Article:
U.S. employers added a paltry 210,000 jobs in November, sharply below consensus forecasts of 550,000 and more than half as many as in October, though the underwhelming job creation numbers triggered Wall Street stock futures to shoot up, as investors bet it would ease pressure on the Fed to accelerate its timetable for scaling back stimulus.
The Labor Department’s jobs report, released Dec. 3, shows that non-farm payroll employment rose by 210,000 in November after rising by a revised 546,000 in October.
The unemployment rate fell 0.4 percentage points to 4.2 percent, a 21-month low, while the total number of unemployed persons fell by 542,000 to 6.9 million.
The labor force participation rate, a measure of people working or actively looking for work, edged up 0.2 percentage points to 61.8 percent, the report also showed. While that’s an improvement over October’s rate, it remains a historically depressed level. In February 2020, the labor force participation rate stood at 63.6 percent, with a historical peak of 67.3 percent in April 2000.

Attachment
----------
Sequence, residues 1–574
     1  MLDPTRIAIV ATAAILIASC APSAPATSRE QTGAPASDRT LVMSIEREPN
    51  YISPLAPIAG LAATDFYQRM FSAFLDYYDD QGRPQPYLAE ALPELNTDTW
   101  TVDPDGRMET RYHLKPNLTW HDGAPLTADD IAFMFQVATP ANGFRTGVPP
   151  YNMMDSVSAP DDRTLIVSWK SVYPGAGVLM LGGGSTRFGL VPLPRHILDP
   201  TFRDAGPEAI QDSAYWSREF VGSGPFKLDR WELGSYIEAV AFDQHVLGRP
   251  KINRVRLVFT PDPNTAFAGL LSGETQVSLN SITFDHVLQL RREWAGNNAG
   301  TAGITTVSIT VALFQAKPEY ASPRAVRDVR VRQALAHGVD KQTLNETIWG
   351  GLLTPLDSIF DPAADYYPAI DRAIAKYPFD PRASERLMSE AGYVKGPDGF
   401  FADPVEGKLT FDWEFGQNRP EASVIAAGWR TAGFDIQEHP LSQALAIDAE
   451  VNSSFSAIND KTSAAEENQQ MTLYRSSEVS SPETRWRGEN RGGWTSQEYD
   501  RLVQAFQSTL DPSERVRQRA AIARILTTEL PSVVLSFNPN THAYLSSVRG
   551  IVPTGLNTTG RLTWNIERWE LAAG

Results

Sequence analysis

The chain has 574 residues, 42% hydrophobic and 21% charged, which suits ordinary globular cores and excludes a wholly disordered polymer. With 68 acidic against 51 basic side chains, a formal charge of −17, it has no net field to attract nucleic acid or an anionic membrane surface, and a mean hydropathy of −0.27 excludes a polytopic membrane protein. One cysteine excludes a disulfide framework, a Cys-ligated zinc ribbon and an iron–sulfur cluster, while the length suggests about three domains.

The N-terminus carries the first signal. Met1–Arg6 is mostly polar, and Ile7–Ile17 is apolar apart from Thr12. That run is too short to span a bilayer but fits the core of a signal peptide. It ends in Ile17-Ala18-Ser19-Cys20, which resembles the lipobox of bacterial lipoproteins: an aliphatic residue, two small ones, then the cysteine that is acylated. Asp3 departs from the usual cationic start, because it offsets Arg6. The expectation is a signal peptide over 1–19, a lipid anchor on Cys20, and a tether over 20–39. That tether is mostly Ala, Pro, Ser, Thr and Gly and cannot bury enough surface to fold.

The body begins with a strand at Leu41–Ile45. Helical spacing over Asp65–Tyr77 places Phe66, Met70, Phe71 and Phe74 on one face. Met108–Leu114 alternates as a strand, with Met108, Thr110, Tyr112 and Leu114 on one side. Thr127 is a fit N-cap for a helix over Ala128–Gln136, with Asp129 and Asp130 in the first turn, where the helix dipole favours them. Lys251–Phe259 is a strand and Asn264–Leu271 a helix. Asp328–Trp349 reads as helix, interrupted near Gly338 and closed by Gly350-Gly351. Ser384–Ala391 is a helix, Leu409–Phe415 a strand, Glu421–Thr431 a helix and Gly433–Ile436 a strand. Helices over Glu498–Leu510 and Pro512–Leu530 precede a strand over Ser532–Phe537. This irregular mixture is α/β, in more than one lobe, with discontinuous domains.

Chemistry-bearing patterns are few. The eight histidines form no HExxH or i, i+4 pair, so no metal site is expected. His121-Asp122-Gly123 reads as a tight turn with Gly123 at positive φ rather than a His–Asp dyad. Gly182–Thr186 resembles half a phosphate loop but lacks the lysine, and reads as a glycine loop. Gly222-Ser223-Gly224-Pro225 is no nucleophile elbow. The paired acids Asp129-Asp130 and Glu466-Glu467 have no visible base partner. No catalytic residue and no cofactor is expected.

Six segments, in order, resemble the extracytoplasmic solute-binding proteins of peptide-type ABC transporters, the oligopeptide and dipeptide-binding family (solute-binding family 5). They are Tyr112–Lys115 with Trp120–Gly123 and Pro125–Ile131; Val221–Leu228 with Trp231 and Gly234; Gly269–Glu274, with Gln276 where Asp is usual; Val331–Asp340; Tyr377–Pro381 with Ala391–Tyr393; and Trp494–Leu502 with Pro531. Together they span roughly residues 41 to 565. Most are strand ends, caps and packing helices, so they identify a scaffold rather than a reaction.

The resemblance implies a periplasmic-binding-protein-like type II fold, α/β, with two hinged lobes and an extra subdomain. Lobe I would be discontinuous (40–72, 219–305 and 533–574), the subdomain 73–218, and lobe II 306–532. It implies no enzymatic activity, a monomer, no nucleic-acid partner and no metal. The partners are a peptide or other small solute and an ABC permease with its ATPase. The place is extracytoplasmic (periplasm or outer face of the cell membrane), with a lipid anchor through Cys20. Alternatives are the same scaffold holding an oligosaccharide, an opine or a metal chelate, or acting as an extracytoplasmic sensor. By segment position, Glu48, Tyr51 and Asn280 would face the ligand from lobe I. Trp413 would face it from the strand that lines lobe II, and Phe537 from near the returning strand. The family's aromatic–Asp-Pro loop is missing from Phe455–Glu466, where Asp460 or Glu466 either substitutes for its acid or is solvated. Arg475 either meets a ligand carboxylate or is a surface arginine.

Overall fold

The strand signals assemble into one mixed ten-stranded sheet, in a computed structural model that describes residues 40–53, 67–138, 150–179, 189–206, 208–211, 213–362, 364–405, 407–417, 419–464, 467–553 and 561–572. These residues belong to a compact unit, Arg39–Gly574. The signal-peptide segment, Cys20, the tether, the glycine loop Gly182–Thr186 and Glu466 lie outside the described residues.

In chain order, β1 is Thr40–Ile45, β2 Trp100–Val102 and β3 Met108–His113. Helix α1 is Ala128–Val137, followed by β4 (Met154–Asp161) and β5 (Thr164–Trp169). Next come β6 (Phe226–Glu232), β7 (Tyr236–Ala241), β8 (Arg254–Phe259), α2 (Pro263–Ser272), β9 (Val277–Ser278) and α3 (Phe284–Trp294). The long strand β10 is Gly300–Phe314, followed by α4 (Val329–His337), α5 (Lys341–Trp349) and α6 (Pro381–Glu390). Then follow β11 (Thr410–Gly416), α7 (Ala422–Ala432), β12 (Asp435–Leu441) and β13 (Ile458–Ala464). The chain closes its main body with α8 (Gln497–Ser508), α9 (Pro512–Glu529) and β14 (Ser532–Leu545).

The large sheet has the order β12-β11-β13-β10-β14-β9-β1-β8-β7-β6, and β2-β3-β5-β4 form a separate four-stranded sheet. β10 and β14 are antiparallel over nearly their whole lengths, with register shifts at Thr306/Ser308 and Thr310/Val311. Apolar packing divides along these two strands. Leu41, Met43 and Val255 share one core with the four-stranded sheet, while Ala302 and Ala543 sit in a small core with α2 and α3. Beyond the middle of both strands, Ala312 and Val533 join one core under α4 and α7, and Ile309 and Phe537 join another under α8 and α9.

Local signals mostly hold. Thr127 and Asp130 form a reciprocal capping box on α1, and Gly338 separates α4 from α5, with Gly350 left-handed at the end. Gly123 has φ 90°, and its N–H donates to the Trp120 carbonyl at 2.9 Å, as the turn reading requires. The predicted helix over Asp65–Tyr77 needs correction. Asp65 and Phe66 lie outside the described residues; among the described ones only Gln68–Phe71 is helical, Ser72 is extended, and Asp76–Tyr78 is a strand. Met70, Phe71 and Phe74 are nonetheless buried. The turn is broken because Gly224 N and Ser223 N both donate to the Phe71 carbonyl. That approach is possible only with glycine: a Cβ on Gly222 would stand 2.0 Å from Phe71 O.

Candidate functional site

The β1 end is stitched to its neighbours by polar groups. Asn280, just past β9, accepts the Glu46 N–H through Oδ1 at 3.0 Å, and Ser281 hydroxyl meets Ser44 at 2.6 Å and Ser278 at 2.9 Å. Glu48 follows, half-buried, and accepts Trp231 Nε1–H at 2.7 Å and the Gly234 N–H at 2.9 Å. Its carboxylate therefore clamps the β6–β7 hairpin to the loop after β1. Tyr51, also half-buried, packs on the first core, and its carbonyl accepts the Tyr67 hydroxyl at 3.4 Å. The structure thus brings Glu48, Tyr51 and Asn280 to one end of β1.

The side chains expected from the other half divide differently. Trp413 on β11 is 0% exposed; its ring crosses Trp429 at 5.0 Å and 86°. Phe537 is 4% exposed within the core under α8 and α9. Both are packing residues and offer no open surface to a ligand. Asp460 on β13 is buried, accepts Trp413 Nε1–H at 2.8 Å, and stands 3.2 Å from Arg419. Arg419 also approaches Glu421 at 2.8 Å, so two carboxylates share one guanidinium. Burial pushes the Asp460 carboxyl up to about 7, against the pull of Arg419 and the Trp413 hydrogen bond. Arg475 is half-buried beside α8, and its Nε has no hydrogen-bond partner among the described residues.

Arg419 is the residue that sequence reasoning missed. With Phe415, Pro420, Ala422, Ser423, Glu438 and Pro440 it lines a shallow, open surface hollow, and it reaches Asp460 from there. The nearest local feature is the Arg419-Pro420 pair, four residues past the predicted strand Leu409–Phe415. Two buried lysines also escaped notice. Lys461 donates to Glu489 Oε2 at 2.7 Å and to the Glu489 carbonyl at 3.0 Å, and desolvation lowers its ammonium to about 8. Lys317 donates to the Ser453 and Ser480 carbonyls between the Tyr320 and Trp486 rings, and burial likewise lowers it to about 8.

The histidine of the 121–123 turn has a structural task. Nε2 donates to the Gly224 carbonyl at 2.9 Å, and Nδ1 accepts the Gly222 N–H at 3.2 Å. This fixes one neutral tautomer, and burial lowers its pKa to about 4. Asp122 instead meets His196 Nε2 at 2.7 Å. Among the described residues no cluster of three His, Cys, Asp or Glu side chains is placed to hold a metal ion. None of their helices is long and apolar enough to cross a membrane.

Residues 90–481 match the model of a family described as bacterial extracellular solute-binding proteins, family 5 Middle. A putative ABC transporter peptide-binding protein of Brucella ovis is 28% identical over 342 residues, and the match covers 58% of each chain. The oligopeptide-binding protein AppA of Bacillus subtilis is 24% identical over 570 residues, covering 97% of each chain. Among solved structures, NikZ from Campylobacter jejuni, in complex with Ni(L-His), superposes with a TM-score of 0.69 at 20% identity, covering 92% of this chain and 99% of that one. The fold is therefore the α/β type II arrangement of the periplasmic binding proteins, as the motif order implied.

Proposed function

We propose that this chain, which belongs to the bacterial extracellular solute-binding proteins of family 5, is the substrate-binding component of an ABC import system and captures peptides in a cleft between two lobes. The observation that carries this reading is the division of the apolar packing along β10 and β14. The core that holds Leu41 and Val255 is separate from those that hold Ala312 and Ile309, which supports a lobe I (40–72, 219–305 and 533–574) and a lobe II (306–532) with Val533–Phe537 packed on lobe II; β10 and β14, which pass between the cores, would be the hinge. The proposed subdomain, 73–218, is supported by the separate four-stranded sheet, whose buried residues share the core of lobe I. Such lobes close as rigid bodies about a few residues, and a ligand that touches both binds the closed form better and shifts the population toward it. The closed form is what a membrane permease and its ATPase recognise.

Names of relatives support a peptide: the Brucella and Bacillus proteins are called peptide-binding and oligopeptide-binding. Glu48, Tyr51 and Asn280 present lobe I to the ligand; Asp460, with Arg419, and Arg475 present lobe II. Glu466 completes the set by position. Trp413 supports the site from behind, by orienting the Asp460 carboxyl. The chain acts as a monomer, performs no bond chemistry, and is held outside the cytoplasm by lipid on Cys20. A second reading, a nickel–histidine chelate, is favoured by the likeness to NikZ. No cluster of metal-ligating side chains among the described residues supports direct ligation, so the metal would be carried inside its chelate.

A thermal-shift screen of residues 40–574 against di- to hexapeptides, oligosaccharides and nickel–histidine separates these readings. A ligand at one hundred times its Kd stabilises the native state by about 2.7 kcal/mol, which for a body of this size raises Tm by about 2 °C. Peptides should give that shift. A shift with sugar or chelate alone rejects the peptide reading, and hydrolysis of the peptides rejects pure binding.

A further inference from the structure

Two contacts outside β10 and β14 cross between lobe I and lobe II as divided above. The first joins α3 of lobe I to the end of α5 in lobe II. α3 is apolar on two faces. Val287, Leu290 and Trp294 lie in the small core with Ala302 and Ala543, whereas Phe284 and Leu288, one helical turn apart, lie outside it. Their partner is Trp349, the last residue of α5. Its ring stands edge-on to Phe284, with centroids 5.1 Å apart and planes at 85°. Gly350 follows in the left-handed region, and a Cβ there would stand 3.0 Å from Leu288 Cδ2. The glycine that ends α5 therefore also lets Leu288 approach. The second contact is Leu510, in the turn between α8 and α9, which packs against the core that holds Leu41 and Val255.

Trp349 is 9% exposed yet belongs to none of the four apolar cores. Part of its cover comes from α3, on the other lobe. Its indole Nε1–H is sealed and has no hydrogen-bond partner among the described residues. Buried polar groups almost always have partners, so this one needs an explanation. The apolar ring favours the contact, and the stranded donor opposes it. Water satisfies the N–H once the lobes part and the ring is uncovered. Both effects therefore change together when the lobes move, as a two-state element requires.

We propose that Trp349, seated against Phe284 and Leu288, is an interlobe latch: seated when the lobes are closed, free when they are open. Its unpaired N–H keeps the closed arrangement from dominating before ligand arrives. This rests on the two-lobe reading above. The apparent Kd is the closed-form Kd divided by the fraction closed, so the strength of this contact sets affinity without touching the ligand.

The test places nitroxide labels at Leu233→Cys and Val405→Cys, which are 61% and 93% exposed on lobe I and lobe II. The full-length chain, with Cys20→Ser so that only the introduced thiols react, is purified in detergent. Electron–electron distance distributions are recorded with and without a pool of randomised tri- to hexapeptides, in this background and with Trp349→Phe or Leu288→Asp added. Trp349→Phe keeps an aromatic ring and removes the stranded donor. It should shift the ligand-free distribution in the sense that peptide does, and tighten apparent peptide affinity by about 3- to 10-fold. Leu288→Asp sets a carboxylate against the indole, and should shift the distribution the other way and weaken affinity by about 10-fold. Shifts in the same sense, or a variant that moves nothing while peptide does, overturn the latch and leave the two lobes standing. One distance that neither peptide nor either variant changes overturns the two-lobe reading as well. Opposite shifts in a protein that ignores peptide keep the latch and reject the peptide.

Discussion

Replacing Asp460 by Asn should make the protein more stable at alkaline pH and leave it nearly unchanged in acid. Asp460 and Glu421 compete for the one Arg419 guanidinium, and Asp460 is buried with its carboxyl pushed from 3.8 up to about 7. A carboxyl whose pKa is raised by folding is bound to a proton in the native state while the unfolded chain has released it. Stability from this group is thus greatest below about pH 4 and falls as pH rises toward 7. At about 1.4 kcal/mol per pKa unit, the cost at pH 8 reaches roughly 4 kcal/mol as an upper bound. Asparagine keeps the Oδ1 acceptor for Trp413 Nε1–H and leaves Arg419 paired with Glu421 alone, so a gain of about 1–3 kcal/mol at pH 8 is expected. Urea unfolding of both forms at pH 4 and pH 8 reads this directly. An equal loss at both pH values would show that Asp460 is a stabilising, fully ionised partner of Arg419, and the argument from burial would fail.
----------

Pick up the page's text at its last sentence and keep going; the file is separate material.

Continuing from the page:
“Labor force participation rose, a welcome sign,” Bankrate Senior Economic Analyst Mark Hamrick told The Epoch Times in an emailed statement. “Wage growth remains solid with a year-over-year gain of 4.8 percent, while mindful that inflation has been running hot.”
Surging inflation and signs of continued labor market recovery have put pressure on Fed policymakers to accelerate their schedule for scaling back, or tapering, the central bank’s $120 billion in monthly purchases of U.S. Treasury and mortgage-backed securities.
Federal Reserve Chair Jerome Powell in recent testimony suggested a faster taper than the $15 billion per month reduction that’s currently in place, while acknowledging that it’s time to “retire” the term “transitory” as a description of the current bout of inflation, which hit a 31-year high in the 12 months through October and rose at a faster pace than in September.
Goldman Sachs recently predicted that the persistence of inflationary pressures will force the Fed to double the pace of the taper to $30 billion per month starting in January, which would bring the timeline forward to mid-March.
By Tom Ozimek